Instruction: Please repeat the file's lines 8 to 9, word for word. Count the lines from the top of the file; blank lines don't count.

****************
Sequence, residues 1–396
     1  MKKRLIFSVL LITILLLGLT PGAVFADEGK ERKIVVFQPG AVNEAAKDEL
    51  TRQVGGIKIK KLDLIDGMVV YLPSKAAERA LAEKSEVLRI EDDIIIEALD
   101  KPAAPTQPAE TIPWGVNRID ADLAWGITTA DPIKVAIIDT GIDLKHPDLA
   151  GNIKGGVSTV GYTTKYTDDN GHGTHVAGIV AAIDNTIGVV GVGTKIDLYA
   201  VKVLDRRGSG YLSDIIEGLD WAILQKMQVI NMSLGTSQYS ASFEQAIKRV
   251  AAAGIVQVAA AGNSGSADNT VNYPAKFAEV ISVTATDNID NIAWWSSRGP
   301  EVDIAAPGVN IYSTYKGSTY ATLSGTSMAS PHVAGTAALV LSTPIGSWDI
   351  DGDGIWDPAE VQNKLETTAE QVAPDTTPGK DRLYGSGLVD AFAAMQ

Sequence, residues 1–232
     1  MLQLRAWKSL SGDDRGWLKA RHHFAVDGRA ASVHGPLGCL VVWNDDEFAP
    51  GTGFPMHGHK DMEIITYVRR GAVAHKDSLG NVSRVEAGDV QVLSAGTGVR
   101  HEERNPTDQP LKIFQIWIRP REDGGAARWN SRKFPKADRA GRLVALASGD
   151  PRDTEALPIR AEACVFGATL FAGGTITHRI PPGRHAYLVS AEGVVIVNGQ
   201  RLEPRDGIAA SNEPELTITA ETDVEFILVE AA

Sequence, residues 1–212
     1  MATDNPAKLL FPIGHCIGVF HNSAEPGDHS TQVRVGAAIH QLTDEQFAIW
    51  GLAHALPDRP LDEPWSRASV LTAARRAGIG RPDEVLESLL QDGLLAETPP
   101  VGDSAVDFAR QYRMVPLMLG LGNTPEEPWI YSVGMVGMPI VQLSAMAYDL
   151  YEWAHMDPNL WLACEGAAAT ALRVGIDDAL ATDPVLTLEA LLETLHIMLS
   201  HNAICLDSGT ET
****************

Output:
   301  EVDIAAPGVN IYSTYKGSTY ATLSGTSMAS PHVAGTAALV LSTPIGSWDI
   351  DGDGIWDPAE VQNKLETTAE QVAPDTTPGK DRLYGSGLVD AFAAMQ